The first four chapters of the novel set the scene for what is going to become the escalating conflict of the story—Glen's abuse of Bone. We meet Anney, we learn about her life and everything she went through up until meeting Glen (which is a lot for a twenty-one-year-old), and we learn how and when the abuse started. Bone herself is very young in these chapters, and is narrating to us through hindsight. Even though Bone is present here and figures into the action, these chapters are really more about telling us about Anney and Glen and giving us some background.
This section, which lasts until Chapter 20, gets all sorts of messy. Not only does Glen's behavior become worse and worse, but a pattern is established of him acting out, Anney leaving, Glen crying to her that he's sorry, Anney taking him back, and the violence resuming. It happens again and again. It's more dramatic each time, but even as Glen's physical abuse of Bone comes out into the open, there still doesn't seem to be a clear way out of this for Bone.
The real Point of No Return for this novel is when Anney sees Glen raping Bone. Even though she has witnessed him beat her before, there is no way for her to begin to justify this action. It's the moment when Anney is forced to make the decision she has been avoiding all this time: does she stay with Glen and lose Bone, or does she leave Glen for good?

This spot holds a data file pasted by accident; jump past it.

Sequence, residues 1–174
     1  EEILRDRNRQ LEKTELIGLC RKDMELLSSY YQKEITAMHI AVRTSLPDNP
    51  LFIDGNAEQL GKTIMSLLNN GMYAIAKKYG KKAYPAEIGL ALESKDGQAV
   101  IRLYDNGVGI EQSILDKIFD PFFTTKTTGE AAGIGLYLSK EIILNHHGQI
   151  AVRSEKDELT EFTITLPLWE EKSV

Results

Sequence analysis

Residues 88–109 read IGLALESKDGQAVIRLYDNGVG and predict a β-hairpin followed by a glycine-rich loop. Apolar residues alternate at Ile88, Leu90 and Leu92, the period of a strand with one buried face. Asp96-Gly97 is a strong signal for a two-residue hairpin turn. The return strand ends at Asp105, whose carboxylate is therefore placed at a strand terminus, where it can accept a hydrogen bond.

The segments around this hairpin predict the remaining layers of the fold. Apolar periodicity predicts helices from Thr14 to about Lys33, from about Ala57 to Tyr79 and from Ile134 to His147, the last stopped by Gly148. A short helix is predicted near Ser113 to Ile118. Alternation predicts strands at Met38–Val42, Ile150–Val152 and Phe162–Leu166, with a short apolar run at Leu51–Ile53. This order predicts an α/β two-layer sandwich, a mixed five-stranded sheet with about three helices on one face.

Bone doesn't know where Anney is. The tension is thick. No one knows if Anney has left for good, and no one knows whether or not she is with Glen. All the dust that has been unsettled by Glen's assault is still clouding the air, and no one knows what things are going to look like when it resettles.
Well, the action resolves, and Anney makes her decision, even if it's not the decision that we—or Bone—wanted her to make. But one thing, maybe, that the novel has tried to do is get us to the point where, when Anney does make her decision, we are more sympathetic to her predicament than we would have been, even if we don't agree with what she ends up doing.
Act I in this case is the same as Exposition, so it lasts up to the point when Glen molests Bone in the hospital parking lot. This is the moment when everything changes forever, and there is no coming back from it.
Act II is a little trickier. We're going to say that Act II ends after Ruth's funeral, when the family sees the blood on Bone's legs, and her uncles beat the tar out of him. That's because this incident is preparing us for an even greater catastrophe, one that will compel the plot to wrap up by forcing Anney to make a decision.
This is when what we've been waiting to happen—Anney finding out about Glen's sexual abuse of Bone—happens, and we know that something major is going to have to change. You know how they say that a gun introduced in the first act will be fired in the fifth? Think of the abuse as that gun: when it goes off, we know that it won't be getting any worse. So, naturally, after things have gotten as bad as they can possibly get, we know that resolution is going to come quickly.